Talk To Me In Korean
The key to learning Korean is staying motivated enough to learn the language. At TalkToMeInKorean.com, we provide you free lessons, fun video shows, and a store section that will keep you motivated and meet your Korean learning needs.

We say sentences like “I met my friends and hung out.” and “I want to go home and just sleep.” all the time. The simplest way to link two actions side by side is using the suffix -고, but sometimes just using -고 is not enough. This lesson will explain how to properly use -고 and -아/어/여서 to naturally express multiple actions that are linked and listed together in one sentence.

Direct download: How_to_list_multiple_actions_in_Korean.mp4
Category:general -- posted at: 7:00am JST

Many Korean verbs have multiple meanings and usages, and 먹다 is no exception. In this video lesson by Talk To Me In Korean, you can learn how to use 먹다 in various contexts through realistic sample sentences.
 
Examples:
밥을 먹다 eat a meal
약을 먹다 take medicine
과자를 먹다 eat snacks
 
밥 먹었어요? Have you eaten?
약 먹어요. Take medicine.
과자 먹을 거예요. I am going to eat snacks.
 
마음 먹었어요. I made up my mind.
독하게 마음 먹어요. Steel yourself. (Make up your mind with a firm resolve.)
독하게 마음 먹을 거예요. I will steel myself.
 
나이를 먹다 to age, to get older
저 나이 정말 많이 먹었어요. I’ve gotten quite old.
네 살 먹은 아이예요. He/she is a four-year-old kid.
Direct download: Has_Multiple_Meanings_1.mp4
Category:general -- posted at: 7:00am JST

There are many words in English that can be translated into various ways in Korean, so if you just stick to using one translation you found in a dictionary or in a machine translation service, it might lead to a confusing conversation. In this series with Jooyeon and Cassie, you can learn about English words that can be translated into many different phrases depending on the context. In today’s episode, let’s learn how to naturally say “upset” in Korean. 

 

Direct download: The_awkward_way_to_say_worth__in_Korean.mp4
Category:general -- posted at: 7:00am JST

Have you ever wondered why Koreans use social titles even among close family members, calling someone “so-and-so’s father” instead of saying their first name? This phenomenon can be found in other cultures, too, but perhaps this happens more frequently in Korean. There are three possible reasons for this: 1) Literally saying “you” can be more tricky and awkward in Korean if you are speaking formal language. 2) Just using the same title over and over again in many sentences in a row doesn’t bother most people. 3) To an extent, It shows on what the relationship is based and where it was formed. 

Direct download: When_Your_First_Name_Is_Not_Used_In_Korea_1.mp4
Category:general -- posted at: 7:00am JST

Many Korean verbs have multiple meanings and usages, and 시키다 is no exception. In this video lesson by Talk To Me In Korean, you can learn how to use 시키다 in various contexts through realistic sample sentences.
 
Examples:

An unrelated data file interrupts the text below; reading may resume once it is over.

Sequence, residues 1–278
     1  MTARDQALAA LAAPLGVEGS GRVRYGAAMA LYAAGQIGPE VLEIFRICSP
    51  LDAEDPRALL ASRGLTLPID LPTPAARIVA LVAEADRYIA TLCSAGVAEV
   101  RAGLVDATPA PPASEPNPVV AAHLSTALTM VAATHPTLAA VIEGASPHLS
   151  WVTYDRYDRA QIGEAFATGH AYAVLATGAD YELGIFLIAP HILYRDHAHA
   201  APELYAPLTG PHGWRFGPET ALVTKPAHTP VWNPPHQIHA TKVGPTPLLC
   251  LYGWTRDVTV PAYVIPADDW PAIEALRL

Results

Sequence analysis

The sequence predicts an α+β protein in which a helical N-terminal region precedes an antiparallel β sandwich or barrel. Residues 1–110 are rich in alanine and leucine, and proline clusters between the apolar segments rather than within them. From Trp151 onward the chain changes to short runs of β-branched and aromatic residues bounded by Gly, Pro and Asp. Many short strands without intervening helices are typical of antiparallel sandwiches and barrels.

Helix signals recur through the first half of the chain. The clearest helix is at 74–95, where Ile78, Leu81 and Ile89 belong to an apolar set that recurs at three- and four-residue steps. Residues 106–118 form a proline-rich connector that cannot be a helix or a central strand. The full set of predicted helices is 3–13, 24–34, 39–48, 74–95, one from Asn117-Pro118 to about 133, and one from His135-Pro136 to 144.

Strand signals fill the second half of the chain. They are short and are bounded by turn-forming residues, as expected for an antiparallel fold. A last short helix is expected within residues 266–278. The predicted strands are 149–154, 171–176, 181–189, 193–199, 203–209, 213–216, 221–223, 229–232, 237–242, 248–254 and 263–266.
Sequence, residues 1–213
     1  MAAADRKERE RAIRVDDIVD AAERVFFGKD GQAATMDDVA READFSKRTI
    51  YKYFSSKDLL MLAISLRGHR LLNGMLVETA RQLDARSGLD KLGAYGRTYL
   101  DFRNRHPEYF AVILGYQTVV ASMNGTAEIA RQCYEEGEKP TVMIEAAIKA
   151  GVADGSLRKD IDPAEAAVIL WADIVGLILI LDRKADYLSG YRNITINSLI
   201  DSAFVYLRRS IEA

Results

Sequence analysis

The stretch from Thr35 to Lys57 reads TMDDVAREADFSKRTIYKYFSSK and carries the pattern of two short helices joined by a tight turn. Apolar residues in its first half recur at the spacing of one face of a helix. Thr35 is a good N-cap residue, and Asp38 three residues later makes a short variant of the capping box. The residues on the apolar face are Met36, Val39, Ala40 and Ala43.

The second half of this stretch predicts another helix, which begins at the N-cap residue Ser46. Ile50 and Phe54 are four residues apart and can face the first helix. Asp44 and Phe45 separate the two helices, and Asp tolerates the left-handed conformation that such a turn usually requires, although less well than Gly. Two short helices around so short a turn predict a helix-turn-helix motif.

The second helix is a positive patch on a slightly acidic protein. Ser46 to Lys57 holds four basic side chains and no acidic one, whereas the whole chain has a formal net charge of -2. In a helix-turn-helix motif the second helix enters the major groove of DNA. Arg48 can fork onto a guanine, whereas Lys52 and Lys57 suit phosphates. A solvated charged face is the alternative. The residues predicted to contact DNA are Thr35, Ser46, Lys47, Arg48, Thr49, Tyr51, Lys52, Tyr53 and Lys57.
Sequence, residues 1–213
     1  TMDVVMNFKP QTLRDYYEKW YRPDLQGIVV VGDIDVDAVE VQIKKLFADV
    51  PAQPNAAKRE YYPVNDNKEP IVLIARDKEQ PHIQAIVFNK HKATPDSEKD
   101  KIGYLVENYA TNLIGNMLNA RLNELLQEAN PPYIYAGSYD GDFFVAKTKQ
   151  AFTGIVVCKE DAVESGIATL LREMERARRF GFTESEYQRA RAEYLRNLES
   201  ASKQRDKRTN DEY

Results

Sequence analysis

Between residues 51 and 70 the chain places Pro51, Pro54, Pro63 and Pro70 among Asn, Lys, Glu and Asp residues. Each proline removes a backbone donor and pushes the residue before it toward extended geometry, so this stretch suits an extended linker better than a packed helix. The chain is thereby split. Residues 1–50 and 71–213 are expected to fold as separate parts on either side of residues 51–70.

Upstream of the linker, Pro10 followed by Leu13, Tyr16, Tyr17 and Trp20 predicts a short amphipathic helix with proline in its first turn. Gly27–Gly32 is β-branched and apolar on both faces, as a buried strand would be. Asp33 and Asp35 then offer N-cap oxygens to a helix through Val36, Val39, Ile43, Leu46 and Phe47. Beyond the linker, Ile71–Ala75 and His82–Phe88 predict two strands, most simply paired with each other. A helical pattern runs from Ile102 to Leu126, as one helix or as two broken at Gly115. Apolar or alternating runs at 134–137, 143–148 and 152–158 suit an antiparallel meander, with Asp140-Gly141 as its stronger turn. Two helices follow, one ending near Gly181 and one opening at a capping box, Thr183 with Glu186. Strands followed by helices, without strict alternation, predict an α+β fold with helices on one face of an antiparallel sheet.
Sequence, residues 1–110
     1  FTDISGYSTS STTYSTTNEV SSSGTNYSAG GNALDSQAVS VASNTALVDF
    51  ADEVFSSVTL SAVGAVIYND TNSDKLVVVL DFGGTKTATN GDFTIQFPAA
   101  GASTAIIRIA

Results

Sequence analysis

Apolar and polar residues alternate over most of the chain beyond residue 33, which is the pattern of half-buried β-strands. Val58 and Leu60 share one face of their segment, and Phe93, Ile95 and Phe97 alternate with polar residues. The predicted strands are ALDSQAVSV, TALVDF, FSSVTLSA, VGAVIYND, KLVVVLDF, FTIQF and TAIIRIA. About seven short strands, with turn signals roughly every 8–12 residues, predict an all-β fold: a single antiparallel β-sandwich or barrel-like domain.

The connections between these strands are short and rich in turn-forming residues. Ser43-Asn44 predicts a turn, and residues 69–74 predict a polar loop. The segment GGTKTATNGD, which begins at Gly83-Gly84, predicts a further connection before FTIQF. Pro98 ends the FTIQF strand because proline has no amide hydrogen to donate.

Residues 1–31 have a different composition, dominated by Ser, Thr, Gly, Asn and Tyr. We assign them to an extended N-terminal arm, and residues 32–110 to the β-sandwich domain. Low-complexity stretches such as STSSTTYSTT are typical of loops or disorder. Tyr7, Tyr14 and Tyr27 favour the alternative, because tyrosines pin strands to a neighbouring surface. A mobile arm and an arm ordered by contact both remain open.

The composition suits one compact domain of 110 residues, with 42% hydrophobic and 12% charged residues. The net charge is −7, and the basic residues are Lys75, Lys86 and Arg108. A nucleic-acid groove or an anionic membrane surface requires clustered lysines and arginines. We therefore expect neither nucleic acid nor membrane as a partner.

피자를 시키다 to order pizza
짜장면을 시키다 to order black bean noodles
도시락을 시키다 to order a lunchbox
아까 피자를 시켰어요. I ordered pizza earlier.
지금 피자를 시켜요. I order pizza now.
 
청소를 시키다 to have (someone) clean
심부름을 시키다 to have (someone) do errands
아까 선생님이 청소를 시켰어요. Earlier my teacher had me clean.
선생님이 청소를 시켜요. My teacher has me clean.
이따가 선생님이 청소를 시킬 거예요. Later, my teacher will have me clean.
Direct download: Has_Multiple_Meanings.mp4
Category:general -- posted at: 7:00am JST

Different countries have different school systems, so it is natural that school life can be different from country to country as well. What are some unique traits of Korean school life and American school life? Kyung-hwa, Cassie, and Jooyeon sat down to talk about this topic in all Korean. The video is only hard-subbed in Korean for your maximum listening practice, but if you want to participate in subtitle translation, you can do so at https://goo.gl/JdHJb3


In this week’s Situational Korean Quiz video, you will see two people interacting in Korean when they bump into each other in the street. Check if you can find the most natural Korean phrase for each situation.

Direct download: Situational_Korean_Quiz_-_Bumping_Into_an_Acquaintance_28_29.mp4
Category:general -- posted at: 7:00am JST

In today’s Korean Q&A video, Hyunwoo will introduce and explain the differences between various Korean verbs that can be translated to “to look” or “to watch” in English. Watch the lesson to check if you can use these words in real-life situations. We hope you enjoy this lesson and let us know if you have any other questions! 
 
 
Direct download: 17_different_ways_to_say_to_look-watch_in_Korean_-_Korean_Q26A.mp4
Category:general -- posted at: 7:00am JST

You can learn a lot of new Korean words very quickly by learning new Hanja, which are Chinese characters used in the Korean language. Through this video series, we will introduce one Hanja character at a time and show you how Hanja can help you understand new words you encounter in Korean!

Get your own copy of Your First Hanja Guide
Direct download: The_Korean_Jigsaw_Puzzle-_Hanja_2310_-_28_3D_to_eat29.mp4
Category:general -- posted at: 7:00am JST

Here is this week’s Korean dictation test for you! Listen carefully to what you hear in the video and see if you can write everything down. We have easy, normal and hard questions in one video.
 
Download our free printable PDF that accompanies this series:
Direct download: Korean_Dictation_Test_2312_28_Easy_-_Normal_-_Hard_29.mp4
Category:general -- posted at: 7:00am JST